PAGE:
In short, we are coming out of a period of declining loan losses and reduced insolvencies and NPLs, underpinned by unprecedented fiscal and monetary interventions. While these measures have been pivotal in stabilising the financial system, they may have also contributed to the build-up of risks – risks that may not yet have fully materialised.

The new macro-financial environment

Meanwhile, the macro-financial environment has changed significantly. Inflation and interest rates are higher, growth is weakening, and it is highly uncertain how the real economy will adapt to global trends. Pressure for structural change has certainly increased.

Inflation increased after the pandemic, prompting central banks to begin a rapid rate hiking cycle. Russia’s invasion of Ukraine then pushed up energy and food prices further, with inflation rising to levels not seen in decades. The ECB responded by raising interest rates by a cumulative 450 basis points between July 2022 and September 2023 – the fastest rate hiking cycle in the history of the euro area. The ECB also transitioned from quantitative easing to quantitative tightening by ending net purchases under its asset purchase programme as of July 2022, then announcing a reduction in the portfolio from March 2023 onwards.[20] This has taken liquidity out of the banking system, which is already triggering changes in banks’ funding mix. For example, some banks have obtained more market funding by issuing securities or have increased interest rates to attract deposits.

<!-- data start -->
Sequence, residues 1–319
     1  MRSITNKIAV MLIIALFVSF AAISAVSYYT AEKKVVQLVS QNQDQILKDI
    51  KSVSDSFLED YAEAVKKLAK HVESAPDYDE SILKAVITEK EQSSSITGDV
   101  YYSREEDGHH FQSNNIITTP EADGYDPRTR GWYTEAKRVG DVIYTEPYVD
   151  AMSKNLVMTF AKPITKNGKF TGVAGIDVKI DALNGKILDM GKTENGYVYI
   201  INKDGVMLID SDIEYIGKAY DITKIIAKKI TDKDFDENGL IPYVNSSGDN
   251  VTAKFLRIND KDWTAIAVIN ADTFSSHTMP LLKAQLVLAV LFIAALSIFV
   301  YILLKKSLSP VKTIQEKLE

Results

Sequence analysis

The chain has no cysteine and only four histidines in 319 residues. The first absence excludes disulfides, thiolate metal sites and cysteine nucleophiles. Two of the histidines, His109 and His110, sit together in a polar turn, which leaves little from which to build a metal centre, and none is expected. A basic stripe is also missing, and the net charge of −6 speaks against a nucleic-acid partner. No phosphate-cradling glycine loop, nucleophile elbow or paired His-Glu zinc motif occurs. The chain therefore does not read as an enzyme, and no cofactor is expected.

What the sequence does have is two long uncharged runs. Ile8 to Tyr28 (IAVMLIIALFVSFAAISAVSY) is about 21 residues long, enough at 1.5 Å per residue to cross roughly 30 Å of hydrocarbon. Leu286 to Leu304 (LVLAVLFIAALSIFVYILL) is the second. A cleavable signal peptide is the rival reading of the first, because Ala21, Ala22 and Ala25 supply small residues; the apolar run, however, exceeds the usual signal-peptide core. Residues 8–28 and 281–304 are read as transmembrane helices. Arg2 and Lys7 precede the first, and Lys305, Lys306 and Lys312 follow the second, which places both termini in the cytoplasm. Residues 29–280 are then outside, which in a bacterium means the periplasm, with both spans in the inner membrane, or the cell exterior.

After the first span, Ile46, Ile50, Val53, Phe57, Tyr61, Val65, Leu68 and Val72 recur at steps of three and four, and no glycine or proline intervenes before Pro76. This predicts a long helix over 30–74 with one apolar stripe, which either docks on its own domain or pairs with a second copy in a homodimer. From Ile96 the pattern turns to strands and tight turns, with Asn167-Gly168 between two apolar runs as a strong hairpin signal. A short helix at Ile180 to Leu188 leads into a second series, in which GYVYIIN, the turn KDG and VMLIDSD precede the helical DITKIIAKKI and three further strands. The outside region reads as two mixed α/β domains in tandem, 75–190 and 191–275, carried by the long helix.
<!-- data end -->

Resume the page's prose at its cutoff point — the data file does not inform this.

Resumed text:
Fiscal policy is also adjusting. Support measures introduced during the pandemic and the energy crisis are being unwound. The EU's revised economic governance framework will require gradual debt reduction. Fiscal policy may become more targeted and shift its focus towards the climate transition and security. This may limit its ability to provide extensive support to households and firms in financial distress.